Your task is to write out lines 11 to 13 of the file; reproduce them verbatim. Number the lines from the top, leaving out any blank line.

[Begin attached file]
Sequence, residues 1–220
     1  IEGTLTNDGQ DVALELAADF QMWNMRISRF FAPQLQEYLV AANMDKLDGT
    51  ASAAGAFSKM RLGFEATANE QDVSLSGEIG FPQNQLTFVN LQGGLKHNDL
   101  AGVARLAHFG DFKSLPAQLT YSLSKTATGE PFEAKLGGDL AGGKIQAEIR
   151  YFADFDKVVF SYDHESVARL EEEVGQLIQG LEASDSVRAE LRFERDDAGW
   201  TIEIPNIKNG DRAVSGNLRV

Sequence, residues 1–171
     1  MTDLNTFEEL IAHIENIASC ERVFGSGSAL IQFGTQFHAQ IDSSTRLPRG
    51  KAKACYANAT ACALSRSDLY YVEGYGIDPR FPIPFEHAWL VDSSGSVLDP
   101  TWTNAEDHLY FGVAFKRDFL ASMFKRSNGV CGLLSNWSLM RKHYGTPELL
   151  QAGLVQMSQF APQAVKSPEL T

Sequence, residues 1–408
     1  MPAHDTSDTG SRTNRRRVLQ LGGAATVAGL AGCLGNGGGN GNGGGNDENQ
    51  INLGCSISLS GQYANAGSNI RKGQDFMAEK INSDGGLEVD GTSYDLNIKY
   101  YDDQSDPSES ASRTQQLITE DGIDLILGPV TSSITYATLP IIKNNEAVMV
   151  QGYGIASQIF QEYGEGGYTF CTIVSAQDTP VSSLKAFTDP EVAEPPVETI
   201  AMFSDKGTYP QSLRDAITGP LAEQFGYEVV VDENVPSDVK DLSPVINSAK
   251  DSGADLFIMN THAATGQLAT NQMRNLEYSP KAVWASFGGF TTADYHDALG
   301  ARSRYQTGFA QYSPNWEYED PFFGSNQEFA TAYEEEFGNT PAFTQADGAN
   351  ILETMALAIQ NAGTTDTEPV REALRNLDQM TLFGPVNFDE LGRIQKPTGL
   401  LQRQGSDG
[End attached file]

   151  QAGLVQMSQF APQAVKSPEL T

Sequence, residues 1–408
     1  MPAHDTSDTG SRTNRRRVLQ LGGAATVAGL AGCLGNGGGN GNGGGNDENQ